But I am afraid Dr. Donoghue's interpretation is the correct one. Here, Hawthorne captures beauty in the similar way that the Japanese of old have called "mono-no-aware" ("pathos of things") and that what is truly beautiful must disappear, or be destroyed, in order to be truly beautiful. The duality of spirit and matter stands, and artists must embrace the impossibility of possessing, and creating, what is enduringly, solidly beautiful. In fact, in many of the copies of this gem of a short story, the last word of the story is not capitalized, but stated as flatly as "his spirit possessed itself in the enjoyment of the reality."

As I spoke on this experience to various audiences, though, it began to dawn on me that my misreading, or overly enthusiastic reading, could also be useful. My bias toward a reconciled vision forces us to look at the context of when the story was written, and to dive into the swirls of intuitive links that can simultaneously reach the shores of theology and sciences. These speculations are useful, not just because of the various themes exposed, but also because they reveal the intuitive knowledge at the core of creativity: in every good story, there's a greater narrative behind it to tap into, and in every poem, we stand a good chance to journey beyond the author's intent. While this journey does not justify "reading into" the story beyond the boundaries set up by the author, what Hawthorne is pointing to is the possibility that our exploration of the beautiful can bring us closer to the Reality, which Owen Warfield embraced at the end. Art has the capacity to inhabit a world beyond itself, and a story can regenerate truthfully into another time.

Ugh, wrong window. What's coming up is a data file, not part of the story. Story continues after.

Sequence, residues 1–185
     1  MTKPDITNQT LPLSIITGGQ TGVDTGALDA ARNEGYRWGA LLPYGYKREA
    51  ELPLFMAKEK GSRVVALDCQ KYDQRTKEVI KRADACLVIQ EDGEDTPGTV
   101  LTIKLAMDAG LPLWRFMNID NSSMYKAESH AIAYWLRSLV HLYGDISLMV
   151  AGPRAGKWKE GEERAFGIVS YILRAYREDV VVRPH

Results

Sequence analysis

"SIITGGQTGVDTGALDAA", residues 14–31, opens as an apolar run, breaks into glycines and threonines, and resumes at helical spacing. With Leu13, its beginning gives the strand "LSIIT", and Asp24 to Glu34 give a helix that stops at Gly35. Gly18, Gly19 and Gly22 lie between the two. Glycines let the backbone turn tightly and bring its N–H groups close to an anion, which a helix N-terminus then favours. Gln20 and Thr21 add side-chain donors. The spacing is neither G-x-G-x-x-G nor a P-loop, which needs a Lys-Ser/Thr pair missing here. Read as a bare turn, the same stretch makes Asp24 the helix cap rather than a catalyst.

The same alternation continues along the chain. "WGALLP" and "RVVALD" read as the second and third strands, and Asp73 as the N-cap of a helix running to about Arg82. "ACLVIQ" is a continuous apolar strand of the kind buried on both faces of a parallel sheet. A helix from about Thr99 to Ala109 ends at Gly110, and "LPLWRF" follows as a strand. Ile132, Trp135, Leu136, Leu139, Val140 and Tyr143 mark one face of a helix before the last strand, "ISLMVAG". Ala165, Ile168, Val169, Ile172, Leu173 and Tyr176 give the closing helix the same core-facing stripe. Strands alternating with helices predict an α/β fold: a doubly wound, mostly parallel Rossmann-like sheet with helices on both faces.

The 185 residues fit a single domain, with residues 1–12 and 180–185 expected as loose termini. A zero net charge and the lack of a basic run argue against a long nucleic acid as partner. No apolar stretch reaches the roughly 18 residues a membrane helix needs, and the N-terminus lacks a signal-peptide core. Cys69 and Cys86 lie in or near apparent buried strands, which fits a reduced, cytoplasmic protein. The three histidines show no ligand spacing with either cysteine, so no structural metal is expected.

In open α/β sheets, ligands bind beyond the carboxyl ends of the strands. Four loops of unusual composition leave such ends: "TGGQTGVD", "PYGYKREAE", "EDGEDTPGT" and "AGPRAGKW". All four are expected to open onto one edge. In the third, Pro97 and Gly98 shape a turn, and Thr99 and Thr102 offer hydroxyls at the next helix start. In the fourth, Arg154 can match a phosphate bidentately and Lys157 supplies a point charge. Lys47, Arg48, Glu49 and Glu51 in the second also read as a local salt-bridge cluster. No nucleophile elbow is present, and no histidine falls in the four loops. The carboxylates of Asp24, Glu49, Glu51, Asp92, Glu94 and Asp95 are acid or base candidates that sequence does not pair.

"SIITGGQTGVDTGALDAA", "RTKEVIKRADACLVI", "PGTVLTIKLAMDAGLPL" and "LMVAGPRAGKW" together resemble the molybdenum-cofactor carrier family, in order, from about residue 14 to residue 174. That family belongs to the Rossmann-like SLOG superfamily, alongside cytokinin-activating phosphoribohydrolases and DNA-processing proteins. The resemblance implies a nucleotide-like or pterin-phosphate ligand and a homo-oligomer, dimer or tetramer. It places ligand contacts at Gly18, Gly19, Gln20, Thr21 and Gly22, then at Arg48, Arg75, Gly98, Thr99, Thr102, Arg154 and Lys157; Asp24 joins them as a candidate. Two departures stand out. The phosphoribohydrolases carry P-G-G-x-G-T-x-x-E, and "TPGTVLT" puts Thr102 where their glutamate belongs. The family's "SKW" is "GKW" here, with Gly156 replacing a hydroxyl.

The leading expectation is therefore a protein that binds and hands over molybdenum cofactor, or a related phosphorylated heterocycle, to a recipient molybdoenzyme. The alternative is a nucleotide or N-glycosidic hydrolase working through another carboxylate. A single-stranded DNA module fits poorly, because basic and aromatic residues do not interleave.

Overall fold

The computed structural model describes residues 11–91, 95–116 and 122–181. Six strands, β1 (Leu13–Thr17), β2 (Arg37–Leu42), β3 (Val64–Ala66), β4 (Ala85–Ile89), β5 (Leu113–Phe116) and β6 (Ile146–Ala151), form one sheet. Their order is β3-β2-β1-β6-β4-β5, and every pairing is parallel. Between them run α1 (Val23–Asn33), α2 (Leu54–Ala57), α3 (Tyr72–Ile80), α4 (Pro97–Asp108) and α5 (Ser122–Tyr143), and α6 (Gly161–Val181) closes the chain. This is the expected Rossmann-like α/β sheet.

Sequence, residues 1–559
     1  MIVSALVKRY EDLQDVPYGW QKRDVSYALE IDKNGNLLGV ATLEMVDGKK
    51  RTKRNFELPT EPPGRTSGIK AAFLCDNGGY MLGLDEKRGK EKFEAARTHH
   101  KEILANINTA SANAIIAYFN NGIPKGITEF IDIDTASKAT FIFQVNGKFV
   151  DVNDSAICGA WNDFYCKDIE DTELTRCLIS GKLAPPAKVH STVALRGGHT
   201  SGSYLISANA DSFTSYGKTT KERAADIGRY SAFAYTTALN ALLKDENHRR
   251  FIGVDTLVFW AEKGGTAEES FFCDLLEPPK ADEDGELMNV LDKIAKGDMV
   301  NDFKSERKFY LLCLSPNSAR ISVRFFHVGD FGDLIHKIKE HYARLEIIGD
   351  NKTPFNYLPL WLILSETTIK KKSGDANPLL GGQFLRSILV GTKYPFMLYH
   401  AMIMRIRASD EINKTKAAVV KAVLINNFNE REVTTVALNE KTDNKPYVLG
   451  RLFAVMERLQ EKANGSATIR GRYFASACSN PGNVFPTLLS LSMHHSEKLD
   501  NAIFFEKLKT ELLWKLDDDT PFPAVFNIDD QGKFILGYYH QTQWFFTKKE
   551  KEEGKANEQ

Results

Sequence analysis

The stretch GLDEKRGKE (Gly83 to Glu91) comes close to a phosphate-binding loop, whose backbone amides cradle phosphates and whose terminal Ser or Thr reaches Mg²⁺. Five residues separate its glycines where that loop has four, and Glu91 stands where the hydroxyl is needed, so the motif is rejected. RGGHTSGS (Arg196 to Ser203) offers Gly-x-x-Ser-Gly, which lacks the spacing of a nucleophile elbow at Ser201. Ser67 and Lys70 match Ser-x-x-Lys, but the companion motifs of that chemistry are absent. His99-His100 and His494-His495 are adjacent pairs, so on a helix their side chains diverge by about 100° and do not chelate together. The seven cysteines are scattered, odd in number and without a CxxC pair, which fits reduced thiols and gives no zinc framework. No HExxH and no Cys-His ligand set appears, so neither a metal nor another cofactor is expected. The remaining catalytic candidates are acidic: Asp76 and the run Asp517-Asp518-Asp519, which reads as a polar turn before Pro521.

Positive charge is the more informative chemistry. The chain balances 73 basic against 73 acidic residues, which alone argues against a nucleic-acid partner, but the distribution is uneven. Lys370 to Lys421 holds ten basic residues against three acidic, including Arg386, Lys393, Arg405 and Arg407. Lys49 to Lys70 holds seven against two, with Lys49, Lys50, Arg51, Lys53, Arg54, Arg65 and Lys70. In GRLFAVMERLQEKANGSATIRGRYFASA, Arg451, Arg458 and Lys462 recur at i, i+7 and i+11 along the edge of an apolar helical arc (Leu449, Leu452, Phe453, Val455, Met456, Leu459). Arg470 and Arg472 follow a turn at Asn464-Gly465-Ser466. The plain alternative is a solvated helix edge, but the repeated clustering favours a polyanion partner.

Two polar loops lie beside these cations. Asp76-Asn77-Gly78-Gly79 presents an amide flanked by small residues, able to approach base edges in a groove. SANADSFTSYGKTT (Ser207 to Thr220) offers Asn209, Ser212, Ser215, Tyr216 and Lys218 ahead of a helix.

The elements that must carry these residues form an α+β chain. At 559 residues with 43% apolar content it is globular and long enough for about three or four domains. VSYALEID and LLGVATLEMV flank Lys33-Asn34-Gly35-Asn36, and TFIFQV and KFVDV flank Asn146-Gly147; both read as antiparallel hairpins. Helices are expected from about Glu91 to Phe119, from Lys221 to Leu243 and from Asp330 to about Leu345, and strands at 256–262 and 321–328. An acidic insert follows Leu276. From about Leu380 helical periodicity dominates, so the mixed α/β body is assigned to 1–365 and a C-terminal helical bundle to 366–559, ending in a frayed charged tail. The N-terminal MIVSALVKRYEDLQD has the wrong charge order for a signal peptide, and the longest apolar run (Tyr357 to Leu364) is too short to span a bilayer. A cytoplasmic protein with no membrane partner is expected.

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Posted by Orrin Judd at December 24, 2010 6:28 AM